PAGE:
Homework – October 2015


As the seasons change from summer to autumn, so the new school year is well underway. At the start of September it was a pleasure to see students at my school return after the summer holidays: new students with wide-eyed wonder as to what their new school held in store and returning students picking up friendships as if they had never been apart.  A new year at school is, indeed, an opportunity to celebrate optimism for the future along with embracing the potential it undoubtedly holds. 

Yet how to realise this potential? How to get the best from the new school year both in and outside the classroom and make sure that the great intentions held on the first day of term are kept alive in the dark days of November? One of the battlefields that quickly emerge is around homework with parents finding motivating their children to ‘hit the books’ at the end of a school day an increasing challenge as the term progresses. Some pupils are naturally disposed to getting down to homework without demur; however this is not universal by any means.  Some need a bit of carrot, others a bit of stick – or probably a combination of the two.

Work outside the classroom can equate to the equivalent of an extra year’s teaching over the course of Year 7 to Year 11, so there are compelling reasons for persevering if your child is reluctant.  Some schools refer to homework as ‘prep’ or ‘preparation’. This is a good way to regard it – not as an end in itself, but as a way of consolidating prior learning and getting ready for what is to come.  And it need not be an arduous experience either for the young person or their parents. A few basic tips that might help: try to create a quiet, uncluttered space away from distractions like the television, or a younger sibling; aim to set a routine – same time each day if possible – and chunk the time up. Nobody can concentrate for two hours solidly, far less at the end of a busy day at school, so aim for blocks of around twenty minutes with breaks for a snack or to stretch legs.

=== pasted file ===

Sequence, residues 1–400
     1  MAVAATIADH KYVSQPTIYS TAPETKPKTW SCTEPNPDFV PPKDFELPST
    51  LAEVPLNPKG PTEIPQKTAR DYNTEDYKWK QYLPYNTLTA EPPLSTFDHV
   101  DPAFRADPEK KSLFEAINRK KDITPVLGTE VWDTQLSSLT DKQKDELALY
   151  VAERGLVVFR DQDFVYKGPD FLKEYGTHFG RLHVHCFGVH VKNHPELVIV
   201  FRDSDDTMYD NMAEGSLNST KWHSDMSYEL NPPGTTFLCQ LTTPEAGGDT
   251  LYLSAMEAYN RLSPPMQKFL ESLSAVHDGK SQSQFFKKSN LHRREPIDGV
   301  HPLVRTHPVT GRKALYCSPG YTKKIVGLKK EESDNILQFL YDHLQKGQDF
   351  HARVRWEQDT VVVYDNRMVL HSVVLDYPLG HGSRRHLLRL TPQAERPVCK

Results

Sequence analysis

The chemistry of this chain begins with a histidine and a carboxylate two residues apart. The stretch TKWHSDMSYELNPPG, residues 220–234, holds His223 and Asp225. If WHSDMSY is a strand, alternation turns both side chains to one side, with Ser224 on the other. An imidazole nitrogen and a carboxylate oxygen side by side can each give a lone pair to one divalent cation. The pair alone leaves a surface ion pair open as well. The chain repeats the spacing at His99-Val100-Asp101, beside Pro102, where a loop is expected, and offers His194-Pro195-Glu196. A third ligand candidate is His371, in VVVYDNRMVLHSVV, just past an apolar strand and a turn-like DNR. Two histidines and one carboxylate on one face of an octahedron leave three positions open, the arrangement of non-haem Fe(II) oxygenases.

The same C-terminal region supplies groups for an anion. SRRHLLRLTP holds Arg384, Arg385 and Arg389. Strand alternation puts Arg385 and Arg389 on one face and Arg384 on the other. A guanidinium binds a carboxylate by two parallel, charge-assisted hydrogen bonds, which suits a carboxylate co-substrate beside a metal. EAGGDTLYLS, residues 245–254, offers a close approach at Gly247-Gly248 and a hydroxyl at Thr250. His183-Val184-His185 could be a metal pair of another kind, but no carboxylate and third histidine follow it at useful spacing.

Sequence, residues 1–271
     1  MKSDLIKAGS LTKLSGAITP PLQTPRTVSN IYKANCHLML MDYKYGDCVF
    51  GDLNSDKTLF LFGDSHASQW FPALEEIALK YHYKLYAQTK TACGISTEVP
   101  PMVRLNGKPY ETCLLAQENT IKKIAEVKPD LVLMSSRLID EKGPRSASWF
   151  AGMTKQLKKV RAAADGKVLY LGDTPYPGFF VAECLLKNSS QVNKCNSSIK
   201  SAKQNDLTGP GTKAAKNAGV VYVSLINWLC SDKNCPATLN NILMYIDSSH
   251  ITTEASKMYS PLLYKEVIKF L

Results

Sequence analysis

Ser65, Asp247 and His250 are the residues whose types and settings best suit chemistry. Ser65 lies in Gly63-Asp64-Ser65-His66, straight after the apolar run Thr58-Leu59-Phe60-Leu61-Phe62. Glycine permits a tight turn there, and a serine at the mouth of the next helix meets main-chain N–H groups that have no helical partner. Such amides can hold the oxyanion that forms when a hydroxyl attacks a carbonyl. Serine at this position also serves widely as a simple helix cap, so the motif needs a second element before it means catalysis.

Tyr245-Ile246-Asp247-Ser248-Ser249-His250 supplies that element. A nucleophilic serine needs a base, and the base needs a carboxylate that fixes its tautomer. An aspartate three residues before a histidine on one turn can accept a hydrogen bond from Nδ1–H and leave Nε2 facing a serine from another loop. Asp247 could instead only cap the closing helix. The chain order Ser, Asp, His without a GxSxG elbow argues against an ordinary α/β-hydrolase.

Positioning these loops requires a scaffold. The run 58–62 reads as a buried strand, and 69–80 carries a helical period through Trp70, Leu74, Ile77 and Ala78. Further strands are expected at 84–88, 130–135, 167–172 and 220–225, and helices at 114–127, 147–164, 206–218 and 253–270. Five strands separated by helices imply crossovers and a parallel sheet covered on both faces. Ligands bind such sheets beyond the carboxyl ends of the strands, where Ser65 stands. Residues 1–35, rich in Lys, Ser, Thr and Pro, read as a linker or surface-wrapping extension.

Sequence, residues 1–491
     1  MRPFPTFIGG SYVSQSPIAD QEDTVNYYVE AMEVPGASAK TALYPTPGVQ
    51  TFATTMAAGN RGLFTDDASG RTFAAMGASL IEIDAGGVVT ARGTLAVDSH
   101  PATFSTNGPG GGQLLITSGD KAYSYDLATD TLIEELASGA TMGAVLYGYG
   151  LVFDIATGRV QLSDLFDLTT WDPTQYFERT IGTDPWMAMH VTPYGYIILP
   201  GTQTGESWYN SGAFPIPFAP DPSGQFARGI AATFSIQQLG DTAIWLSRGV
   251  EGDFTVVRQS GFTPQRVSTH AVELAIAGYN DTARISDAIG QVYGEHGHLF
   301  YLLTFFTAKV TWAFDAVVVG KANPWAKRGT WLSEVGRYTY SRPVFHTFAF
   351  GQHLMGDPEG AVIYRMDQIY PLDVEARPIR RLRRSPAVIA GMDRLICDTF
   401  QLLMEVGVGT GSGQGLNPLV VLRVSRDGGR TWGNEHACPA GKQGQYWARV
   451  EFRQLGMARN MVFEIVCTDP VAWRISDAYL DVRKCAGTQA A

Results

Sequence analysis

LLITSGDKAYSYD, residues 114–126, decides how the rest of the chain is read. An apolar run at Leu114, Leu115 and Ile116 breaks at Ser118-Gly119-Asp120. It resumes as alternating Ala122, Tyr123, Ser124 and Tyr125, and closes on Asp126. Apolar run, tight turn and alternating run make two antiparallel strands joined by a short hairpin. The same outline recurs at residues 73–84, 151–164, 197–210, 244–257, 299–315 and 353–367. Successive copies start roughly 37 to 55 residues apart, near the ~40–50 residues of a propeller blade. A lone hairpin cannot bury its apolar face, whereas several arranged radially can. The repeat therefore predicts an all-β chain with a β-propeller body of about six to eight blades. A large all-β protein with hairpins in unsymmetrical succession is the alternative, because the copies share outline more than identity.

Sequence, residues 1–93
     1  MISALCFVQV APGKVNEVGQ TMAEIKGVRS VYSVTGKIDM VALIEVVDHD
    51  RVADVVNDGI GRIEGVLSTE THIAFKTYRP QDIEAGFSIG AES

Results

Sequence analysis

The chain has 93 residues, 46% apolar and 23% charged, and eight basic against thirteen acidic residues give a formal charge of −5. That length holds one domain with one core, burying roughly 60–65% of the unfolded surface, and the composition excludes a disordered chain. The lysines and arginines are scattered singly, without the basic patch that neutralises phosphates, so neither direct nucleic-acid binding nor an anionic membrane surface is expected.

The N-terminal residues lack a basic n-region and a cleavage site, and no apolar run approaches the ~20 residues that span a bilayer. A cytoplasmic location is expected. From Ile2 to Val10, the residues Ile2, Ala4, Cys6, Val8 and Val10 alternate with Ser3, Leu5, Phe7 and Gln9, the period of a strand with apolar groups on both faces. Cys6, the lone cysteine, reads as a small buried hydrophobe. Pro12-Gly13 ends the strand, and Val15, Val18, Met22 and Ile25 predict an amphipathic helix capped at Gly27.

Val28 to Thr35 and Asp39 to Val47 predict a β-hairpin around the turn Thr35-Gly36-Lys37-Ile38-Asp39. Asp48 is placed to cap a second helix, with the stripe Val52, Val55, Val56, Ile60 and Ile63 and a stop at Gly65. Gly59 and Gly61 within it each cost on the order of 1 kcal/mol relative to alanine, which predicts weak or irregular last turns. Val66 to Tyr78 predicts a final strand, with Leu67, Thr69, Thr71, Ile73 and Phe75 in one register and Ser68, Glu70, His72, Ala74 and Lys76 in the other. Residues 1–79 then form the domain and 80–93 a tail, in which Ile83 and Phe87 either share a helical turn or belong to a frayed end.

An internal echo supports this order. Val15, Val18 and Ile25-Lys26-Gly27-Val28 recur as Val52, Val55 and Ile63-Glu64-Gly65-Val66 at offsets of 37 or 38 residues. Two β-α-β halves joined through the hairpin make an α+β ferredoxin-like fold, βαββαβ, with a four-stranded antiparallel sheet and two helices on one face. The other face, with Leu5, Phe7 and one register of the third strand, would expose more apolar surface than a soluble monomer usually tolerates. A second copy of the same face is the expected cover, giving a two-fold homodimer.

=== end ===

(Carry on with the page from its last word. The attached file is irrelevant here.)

Keep in contact with school. Most schools will have homework diaries, pupil planners, or even a parent portal in which students record their homework. This should be seen as a shared resource forming an ongoing dialogue between school and home that parents should feel able to review with their child and make comments to go back to the relevant teacher if necessary. If there are swathes of blank pages, get in touch with the school – usually through the tutor or register teacher – to enquire why. It may be that your child needs support in recording their homework accurately. And finally, recognise a job well done. If your child develops good study habits at home reward them – a pizza on Friday night, extra screen time, a trip to the cinema – perhaps something the whole family can enjoy.

IWK – October 2015

Independent day and boarding school for boys and girls aged 3 - 18 in Somerset